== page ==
Mutual funds are getting pretty beat up these days. Pretty much everyone’s taking their shots. Really, what are mutual funds except massive dinosaurs that charge exorbitant fees to do an average job, at best, of picking stocks for you? With all that’s been written about the Perfect Market Hypothesis, passive management, and how ETFs carry lower expense ratios, what fool would sink their money into a mutual fund?
According to the Investment Company Institute’s (ICI) 2013 Investment Company Fact Book, a LOT of fools. The numbers are somewhat staggering: mutual funds hold $13 trillion in assets (10 times the $1.3 trillion in ETFs and more than the GDP of China); 44 percent of US households own mutual fund shares; and mutual funds hold 28 percent of all US corporate equity, 28 percent of all US municipal securities, and 42 percent of all commercial paper.
In short, mutual funds are an investment juggernaut. For all the chatter from Ivory Tower intellectuals and financial experts, the vast majority of American investors are perfectly content sinking their retirement savings into a mutual fund that builds a diversified portfolio for them.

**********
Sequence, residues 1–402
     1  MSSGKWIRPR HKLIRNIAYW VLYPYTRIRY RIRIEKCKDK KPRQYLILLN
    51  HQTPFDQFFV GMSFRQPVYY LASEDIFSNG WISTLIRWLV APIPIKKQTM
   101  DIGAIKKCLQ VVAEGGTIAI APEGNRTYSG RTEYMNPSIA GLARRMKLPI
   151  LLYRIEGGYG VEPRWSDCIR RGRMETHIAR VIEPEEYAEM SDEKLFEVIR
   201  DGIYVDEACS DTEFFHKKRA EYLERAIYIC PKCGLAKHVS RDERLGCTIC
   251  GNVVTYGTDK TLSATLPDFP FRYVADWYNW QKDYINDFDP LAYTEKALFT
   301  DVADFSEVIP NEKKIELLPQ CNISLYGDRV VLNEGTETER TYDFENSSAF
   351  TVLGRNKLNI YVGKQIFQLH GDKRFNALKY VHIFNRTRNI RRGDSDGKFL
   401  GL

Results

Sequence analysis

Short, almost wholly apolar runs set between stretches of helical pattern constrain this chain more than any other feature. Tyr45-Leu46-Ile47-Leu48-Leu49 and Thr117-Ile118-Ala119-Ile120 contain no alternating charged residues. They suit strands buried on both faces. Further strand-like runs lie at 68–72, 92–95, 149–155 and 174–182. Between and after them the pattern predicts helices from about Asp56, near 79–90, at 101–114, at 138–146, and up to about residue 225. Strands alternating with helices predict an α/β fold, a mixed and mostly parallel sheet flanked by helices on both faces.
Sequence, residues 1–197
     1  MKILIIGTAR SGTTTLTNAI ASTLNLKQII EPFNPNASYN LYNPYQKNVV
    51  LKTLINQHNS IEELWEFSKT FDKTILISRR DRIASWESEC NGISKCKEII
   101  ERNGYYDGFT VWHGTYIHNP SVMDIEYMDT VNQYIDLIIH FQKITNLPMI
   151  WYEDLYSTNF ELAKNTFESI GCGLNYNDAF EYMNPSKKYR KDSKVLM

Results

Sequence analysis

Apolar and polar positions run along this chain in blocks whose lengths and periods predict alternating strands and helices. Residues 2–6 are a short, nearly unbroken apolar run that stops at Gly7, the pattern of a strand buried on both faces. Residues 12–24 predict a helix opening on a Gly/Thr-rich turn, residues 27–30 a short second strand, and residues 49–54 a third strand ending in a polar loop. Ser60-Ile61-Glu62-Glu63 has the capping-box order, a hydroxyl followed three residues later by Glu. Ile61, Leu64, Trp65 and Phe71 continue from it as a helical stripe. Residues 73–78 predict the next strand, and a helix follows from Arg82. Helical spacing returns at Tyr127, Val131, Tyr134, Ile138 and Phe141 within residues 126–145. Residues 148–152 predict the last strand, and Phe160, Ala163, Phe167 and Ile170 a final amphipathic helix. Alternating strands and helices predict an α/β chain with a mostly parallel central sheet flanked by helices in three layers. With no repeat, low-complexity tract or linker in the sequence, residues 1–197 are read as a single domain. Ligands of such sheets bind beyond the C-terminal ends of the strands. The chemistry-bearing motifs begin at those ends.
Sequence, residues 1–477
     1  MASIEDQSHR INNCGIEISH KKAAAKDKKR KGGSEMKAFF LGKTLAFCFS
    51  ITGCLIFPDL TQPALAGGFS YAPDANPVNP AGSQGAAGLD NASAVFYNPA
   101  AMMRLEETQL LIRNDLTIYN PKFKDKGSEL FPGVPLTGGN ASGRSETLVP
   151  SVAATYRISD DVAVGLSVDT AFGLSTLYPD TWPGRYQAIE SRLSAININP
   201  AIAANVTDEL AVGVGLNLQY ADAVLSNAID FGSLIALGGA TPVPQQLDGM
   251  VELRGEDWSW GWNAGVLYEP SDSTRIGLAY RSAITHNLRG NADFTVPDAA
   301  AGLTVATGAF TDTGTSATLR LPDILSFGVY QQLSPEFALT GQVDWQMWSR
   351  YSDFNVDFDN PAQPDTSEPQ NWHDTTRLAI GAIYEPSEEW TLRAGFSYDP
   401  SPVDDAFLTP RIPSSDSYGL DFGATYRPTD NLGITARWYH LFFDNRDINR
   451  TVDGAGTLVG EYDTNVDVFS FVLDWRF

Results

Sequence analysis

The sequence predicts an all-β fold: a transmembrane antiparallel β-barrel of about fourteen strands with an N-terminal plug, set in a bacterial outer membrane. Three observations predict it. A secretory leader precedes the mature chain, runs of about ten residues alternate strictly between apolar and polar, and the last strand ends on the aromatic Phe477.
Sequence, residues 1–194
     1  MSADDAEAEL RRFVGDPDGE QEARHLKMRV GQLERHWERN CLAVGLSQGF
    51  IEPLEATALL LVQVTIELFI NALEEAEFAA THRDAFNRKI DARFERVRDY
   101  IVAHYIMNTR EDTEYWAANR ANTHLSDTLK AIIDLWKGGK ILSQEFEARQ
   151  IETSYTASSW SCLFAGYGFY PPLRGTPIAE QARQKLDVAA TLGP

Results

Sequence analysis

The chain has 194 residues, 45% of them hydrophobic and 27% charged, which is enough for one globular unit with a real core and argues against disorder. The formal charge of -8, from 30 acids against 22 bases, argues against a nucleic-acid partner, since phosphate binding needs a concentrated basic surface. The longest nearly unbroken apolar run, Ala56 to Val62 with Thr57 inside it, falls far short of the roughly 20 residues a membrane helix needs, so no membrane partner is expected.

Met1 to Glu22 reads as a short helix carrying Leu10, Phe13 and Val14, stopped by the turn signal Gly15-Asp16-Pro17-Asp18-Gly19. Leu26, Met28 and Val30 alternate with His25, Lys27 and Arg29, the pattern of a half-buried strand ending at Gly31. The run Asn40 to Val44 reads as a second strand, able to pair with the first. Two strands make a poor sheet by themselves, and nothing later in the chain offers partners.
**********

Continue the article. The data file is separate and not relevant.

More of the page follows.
So with that in mind, here’s a quick look into the mutual fund and why it does and does not deserve the criticisms leveled at it.
Collective Investment Scheme
Financial professionals are usually loathe to use the word “scheme,” but the primary definition of the term (“a plan, design, or program of action to be followed”) fits here. Mutual funds are “collective investment schemes,” a plan to pool money from multiple sources to make investments. In this case, it’s the money from thousands of investors across the country (and world) purchasing shares of a particular fund. Their money is then taken by the fund and used to purchase assets like stocks and bonds, with the value of the shares being proportional to that of the fund.
The history of mutual funds is a long one, with at least one researcher tracing their origins back to a Dutch merchant in 1774. The first mutual fund outside the Netherlands was formed in London in 1868, and by the 1890s mutual funds had found their way to America. Their popularity picked up speed during the high-flying markets of the roaring 1920s, and, like pretty much every other aspect of the stock market, they came under increased regulatory scrutiny during and after the Great Depression, with the Investment Company Act of 1940 creating most of the legal framework for regulating mutual funds.
Diversification Made Easy
The first piece of advice any beginning investor will get is to “diversify.” This is based on the premise that putting all of your eggs in one basket, or even a dozen baskets, is a pretty big risk. Mutual funds reduce this risk by buying thousands of different types of securities so that even if some fail, the overall health of the fund remains relatively strong.